XRDS • WINTER 2016 • VOL. 23 • NO. 2
even though that may not be the best
way to solve the problem. You should
really love the problem that you’re
solving—not the specific tool—and
look at the simplest way to solve that.
Just keep on refining your thought
process until you find out which ones
are worth pursuing. Then you can
build prototypes, simulations.
What technical challenges did you
encounter when building things at Kiva?
Overall, what made Kiva successful was the fact that it worked. The
biggest challenge we had at Kiva was
taking existing technologies, subsystems, and combining them in just the
right away to make a robust, reliable
system. There is no single way to do it.
It’s the art and the design of systems.
What are your views on how automation
will impact the labor market?
I don’t defend automation from
claims of leading to job losses. I
freely admit that robots and auto-
mation replace human workers. If I
take a step back, and I look at eth-
ics and philosophy, what we should
be doing… we should shape our so-
ciety so that we don’t replace jobs
that people enjoy doing. What is the
purpose of life? Why do we live? It’s
not so that we can feed a big machin-
ery of consumerism. It’s so that we
can enjoy our lives. So we should be
striving to set up our society, our
rules, our incentives, so that people
do jobs that they enjoy doing. We
should strive to create the rules and
regulations that move our society to
where we want it to be. Currently,
do robots replace jobs? Yes they do.
Fortunately, they replace jobs that
for the most part are not very good
jobs. So that’s a good thing, right? If
somebody is sitting at a tollbooth,
handing out tickets to vehicles that
go through a toll road, to me that is
a job you want to automate. That’s
not a very good way for a person to
spend 30 years of their life. There’s a
second aspect here: Would a person
rather be doing that than being on
welfare? I think most people would
rather be working than being on
welfare. But then it’s a social issue.
When we get rid of these menial jobs
that are not rewarding, let’s make
to create things using technology.
I’m very good at math, physics, algo-
rithms, computer science, and ana-
lytical things. That’s the tool set; and I
like to create, so it’s only natural that I
use those tools to help me create.
Why did you choose to create
autonomous systems for
I just saw this as yet another way in
which I could express my creative freedom. Verity Studios is just a way for us
to have flying machines out there in
the real world, doing sophisticated
things. There are no killer apps for indoor flying machines yet, except for in
entertainment. So this is a great way
for us to get a head start on everyone,
and actually do flying things indoors.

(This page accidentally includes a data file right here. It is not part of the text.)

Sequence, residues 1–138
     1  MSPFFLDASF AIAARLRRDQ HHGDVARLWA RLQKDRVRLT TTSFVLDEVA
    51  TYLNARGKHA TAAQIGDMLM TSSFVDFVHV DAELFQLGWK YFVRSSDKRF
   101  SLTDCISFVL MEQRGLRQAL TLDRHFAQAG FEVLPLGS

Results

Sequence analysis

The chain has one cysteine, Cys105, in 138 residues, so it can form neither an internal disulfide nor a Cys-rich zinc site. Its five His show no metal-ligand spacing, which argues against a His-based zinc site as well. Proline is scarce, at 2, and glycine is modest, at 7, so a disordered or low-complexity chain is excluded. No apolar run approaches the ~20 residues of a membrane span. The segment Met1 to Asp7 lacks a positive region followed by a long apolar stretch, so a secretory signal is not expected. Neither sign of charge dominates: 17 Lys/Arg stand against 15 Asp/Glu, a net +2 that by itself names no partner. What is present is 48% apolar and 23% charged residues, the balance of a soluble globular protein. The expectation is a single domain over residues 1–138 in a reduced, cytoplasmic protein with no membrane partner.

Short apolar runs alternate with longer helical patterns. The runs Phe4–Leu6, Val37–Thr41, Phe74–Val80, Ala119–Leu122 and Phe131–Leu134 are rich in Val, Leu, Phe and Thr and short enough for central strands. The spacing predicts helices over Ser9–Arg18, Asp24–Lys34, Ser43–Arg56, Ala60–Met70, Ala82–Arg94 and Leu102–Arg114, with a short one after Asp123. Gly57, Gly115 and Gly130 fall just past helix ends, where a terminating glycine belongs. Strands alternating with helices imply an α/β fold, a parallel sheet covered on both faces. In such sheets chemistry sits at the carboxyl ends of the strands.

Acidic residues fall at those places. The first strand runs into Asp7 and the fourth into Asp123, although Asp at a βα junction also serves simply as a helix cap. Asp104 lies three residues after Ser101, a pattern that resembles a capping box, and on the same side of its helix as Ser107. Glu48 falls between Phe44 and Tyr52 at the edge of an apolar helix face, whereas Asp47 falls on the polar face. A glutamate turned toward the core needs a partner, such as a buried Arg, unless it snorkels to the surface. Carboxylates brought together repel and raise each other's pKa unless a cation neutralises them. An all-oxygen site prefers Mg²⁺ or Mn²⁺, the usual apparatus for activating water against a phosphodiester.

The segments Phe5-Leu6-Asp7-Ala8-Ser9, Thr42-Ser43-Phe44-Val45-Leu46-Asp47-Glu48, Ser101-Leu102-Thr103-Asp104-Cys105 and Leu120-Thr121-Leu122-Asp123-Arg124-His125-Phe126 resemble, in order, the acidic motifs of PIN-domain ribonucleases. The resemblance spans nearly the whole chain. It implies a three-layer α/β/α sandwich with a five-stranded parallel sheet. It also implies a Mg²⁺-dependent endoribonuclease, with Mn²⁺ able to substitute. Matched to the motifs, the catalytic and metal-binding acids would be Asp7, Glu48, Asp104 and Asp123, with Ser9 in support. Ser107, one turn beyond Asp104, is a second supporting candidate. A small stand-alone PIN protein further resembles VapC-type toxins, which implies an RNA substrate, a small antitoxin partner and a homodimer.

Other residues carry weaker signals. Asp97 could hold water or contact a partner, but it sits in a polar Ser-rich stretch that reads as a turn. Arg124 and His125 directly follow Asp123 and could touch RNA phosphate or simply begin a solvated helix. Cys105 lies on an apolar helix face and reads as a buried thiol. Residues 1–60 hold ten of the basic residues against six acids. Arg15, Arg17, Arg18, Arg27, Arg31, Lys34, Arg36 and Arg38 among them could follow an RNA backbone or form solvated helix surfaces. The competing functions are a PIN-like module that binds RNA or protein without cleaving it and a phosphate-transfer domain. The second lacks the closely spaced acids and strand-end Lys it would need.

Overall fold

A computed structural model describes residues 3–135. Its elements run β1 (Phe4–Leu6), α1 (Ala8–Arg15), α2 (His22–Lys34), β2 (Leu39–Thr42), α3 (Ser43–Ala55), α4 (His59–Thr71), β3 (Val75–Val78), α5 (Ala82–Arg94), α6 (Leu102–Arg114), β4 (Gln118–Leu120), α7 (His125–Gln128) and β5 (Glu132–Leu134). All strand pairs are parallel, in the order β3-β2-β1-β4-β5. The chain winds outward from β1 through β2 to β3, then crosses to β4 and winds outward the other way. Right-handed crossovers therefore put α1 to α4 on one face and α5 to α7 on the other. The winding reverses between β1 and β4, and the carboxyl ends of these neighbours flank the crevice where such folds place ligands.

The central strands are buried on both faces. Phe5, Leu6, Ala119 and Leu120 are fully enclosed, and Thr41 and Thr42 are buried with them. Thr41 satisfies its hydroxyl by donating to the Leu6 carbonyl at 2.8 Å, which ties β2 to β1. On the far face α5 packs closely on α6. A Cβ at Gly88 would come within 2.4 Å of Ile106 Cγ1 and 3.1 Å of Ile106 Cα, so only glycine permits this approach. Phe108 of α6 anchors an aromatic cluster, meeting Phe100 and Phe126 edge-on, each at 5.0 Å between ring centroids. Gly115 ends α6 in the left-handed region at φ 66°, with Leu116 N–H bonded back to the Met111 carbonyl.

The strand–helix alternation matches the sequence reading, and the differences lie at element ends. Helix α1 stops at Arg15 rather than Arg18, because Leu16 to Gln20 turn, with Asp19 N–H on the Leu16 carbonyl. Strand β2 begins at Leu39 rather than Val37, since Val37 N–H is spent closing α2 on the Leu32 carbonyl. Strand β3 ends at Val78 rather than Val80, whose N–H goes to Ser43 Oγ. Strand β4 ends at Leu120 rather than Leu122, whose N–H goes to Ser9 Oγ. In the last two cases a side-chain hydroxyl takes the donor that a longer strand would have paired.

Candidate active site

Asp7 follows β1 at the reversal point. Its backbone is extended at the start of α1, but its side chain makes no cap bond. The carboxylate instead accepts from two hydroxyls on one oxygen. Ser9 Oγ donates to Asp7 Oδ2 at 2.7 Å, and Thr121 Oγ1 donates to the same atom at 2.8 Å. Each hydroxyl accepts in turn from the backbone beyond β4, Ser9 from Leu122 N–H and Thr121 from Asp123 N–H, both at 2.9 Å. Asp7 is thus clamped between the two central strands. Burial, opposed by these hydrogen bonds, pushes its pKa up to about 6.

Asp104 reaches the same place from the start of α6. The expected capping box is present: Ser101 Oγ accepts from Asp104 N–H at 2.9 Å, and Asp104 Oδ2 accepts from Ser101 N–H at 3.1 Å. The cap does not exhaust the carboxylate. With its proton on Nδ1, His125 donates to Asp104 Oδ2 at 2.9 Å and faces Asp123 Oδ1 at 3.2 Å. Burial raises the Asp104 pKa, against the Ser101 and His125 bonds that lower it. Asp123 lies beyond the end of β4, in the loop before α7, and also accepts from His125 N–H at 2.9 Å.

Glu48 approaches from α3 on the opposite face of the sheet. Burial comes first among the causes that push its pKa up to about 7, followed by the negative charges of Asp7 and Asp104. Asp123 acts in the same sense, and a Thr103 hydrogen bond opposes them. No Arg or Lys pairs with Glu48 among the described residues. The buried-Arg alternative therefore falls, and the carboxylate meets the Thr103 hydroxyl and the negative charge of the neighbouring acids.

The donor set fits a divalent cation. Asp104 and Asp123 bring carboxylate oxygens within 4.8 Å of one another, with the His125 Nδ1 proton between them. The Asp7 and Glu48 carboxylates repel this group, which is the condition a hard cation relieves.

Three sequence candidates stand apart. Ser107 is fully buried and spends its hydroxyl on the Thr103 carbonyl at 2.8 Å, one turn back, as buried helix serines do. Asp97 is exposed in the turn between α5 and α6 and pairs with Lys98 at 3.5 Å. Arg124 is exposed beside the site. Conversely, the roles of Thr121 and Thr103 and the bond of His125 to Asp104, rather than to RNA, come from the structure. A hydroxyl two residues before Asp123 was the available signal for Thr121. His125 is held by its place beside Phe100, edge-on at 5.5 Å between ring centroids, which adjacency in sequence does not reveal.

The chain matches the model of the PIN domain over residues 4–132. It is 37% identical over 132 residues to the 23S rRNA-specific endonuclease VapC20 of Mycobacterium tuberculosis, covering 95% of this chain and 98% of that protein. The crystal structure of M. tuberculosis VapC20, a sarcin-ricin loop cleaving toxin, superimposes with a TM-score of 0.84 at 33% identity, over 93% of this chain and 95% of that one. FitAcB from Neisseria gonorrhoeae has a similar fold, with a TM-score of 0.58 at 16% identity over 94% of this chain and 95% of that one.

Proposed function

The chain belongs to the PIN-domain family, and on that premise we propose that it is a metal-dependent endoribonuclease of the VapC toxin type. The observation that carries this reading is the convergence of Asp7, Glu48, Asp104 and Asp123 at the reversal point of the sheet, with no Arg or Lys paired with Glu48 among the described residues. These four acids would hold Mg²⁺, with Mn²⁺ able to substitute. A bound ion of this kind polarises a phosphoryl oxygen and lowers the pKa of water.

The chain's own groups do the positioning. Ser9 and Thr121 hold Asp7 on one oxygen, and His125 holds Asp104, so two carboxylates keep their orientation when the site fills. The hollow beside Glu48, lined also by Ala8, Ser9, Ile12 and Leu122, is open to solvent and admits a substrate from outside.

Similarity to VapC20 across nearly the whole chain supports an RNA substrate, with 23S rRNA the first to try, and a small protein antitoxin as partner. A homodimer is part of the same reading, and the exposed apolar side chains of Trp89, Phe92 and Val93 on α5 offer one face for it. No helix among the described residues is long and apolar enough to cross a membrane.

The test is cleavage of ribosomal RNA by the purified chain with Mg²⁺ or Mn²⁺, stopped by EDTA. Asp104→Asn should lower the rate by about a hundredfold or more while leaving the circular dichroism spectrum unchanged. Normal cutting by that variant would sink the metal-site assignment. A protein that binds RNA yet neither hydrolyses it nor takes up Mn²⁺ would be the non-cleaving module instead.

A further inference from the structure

When did you first start building
The first sophisticated autonomous thing I built was when I was an
undergraduate student. We built a
voice-controlled robotic arm as part
of our undergraduate projects back in
1988-1989. However, my Ph.D. was in
control systems. But, control systems,
robotics, and autonomous systems
are very tightly intertwined.
How did you graduate from building
simple, low-cost machines to state-of-the art, precise, expensive ones?
On the contrary, the reason Kiva
was successful as a company was because we figured out a way to make inexpensive robots. To have thousands
of them in warehouses and to have
them behave like they were expensive
robots was the magic of system architecture, algorithms, and the components that we used. The robots were
Can you elaborate on the differences
between autonomous systems and
The main distinction is that robots
are subsystems of autonomous systems and they tend to imply motion.
Whereas a thermostat that regulates
the temperature in your house is an
autonomous system, there is no motion so people wouldn’t call it a robot. Cruise control in your car, people
would call that an autonomous system,
but they probably won’t call it a robot
simply because the car is not changing
shape or doing manipulations.
How did you make that transition from
working on simpler forms of autonomous
systems to a more distributed network
I was working on distributed control when I was a professor at Cornell
University. I ran a RoboCup project
where we had mobile robots playing
soccer. So there was a transition from
things that you cannot do in a university environment, because you do not
have the resources. But if you have a
viable business model, then you can
raise money, hire engineers, scientists,
a sales force, and make it self sustaining. There are different challenges, but
they share a lot of similarities.
Let’s talk about your creative process.
How do you go from an idea to creating a
blueprint for something you can build?
I’ll answer something different
first. Coming up with ideas is easy.
The first part is figuring out which
idea is worth pursuing and then executing on it. Also, I just don’t want to
discount the fact that it’s really hard
to figure out what you should be doing. And once you’ve figured that out,
once you assume that you want to
solve the problem, then it really becomes about the problem. And this is
where you have to be very honest with
yourself and do something that engineers don’t like to do. Engineers like
to come up with solutions. And they
get enamored with those solutions
that the systems
better and better,
and could replace
more and more
of what people do.